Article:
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My commitment is to write (or excavate from my archives) an original poem to feature here once a week. 

meditation hands.jpg

Featured Poem:


Not the laid-back,

But love

in every fiber, every muscle,
unconditional, wide-ranging, absolute,
tangible, no bullshit, excluding no one,
not even my next-door neighbor
who never lets their dog out.

Love, even the old woman screaming
at her barefoot grandchild outside of Target,
yanking him to her used car by his little arm.
Unconditional love for how hard she tried
and how badly she failed at getting
where she thought she was going.
How completely fucked and without
resources she feels right now.
Real love for her.

And for him.

May you be safe from inner and outer harm.
May you be free from guilt, shame and hatred.
May you enjoy physical and mental well being.
you, old lady, may you live

with the ease of an open heart.
And may you awaken to your true nature,

which is an inexhaustible source of love,

compassion and wisdom.

That blessing is for everyone.
Can I give it to you through my tears from

the dank, finished bottom of the well that swallowed

my wellbeing? Can I still, from that place,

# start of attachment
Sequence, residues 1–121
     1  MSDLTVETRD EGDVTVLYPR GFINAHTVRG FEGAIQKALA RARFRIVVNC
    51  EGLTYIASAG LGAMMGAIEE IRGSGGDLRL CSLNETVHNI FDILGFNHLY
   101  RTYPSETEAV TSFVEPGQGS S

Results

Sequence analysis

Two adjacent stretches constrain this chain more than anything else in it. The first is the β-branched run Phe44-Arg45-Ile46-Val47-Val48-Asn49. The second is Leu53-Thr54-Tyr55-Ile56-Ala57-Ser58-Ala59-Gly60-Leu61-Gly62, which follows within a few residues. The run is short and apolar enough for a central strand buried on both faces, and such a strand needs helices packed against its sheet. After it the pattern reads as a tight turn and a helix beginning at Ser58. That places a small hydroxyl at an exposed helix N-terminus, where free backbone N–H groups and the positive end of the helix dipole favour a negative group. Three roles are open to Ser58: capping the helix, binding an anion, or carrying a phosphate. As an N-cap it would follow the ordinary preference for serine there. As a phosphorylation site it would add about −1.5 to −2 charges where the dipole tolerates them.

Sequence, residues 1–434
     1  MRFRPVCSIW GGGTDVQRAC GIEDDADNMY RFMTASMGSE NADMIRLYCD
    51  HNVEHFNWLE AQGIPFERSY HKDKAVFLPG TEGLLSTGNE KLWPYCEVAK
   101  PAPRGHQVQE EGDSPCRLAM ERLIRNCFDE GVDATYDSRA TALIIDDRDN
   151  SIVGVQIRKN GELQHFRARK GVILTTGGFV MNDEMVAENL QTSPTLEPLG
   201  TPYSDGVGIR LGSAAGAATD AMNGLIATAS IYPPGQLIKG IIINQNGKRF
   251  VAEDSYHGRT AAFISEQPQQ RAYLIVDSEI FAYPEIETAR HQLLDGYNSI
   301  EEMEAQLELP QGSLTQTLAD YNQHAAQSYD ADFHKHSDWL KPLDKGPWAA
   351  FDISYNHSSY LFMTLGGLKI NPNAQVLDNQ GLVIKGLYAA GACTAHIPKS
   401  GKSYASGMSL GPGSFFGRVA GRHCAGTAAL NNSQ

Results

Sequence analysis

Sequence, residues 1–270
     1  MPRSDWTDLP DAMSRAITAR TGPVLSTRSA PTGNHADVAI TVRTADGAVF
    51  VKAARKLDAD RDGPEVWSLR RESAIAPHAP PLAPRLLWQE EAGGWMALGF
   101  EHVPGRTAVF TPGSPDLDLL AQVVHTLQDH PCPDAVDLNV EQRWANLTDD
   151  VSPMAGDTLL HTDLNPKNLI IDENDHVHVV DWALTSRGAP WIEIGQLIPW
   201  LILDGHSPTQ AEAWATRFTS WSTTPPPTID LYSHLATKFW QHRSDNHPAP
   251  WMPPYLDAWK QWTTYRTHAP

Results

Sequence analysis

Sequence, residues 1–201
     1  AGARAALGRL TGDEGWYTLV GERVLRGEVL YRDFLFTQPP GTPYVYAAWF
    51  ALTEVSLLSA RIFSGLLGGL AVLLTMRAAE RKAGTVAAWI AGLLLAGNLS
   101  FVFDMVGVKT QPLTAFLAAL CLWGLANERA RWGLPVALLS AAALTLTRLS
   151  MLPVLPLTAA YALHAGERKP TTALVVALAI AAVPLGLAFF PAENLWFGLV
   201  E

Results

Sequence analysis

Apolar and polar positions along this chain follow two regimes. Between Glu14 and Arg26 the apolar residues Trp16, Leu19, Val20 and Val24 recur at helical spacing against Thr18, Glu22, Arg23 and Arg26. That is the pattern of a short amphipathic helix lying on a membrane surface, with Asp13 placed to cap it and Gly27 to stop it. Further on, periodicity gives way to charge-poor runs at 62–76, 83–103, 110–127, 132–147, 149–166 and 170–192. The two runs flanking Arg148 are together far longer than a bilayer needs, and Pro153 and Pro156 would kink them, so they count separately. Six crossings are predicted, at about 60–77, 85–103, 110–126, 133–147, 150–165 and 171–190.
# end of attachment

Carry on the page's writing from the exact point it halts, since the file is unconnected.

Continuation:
remember that blessing for you? For everyone?


Today, love —
-on-the-field love.
Unreasonable, extravagant, all in, all out love —
is the practice.


Love even for me in my shut down,
sour-faced, negative state,
even for me.


Love even for *him.* (Everyone has one)
Yes, I mean it. Even *him.*

The world is devolving into
an obscene circus of catastrophes
where anguish is entertainment
and caustic contempt masquerades as courage,
passes for comedy...

while love, the bloody, beating heart of love,
naive, stubborn and without end,
pumps its crazy tenderness into the world
regardless of the odds


and we are all still here because of it.

If we do not use this muscle,

it dies.

So today
this ridiculous, infuriating miracle of love

is the practice.

Tina Lear is like a truffle pig for poetry. From Walmart to privilege, needlepoint to dementia, Lear finds poetry where the average eye sees only mud. Playful in her language but relentless in her assessment of the world, Tina writes exceptionally on many topics, but where I find she excels most is in her rendering of the complicated love of families, stating, “the apple doesn’t fall far from the tree, but it bruises.” Imaginative and unflinchingly honest, Lear’s is a voice you can trust.
Megan Falley, author of Drive Here and Devastate Me [Write Bloody Publishing, 2018]
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Once posts are published, you’ll see them here.
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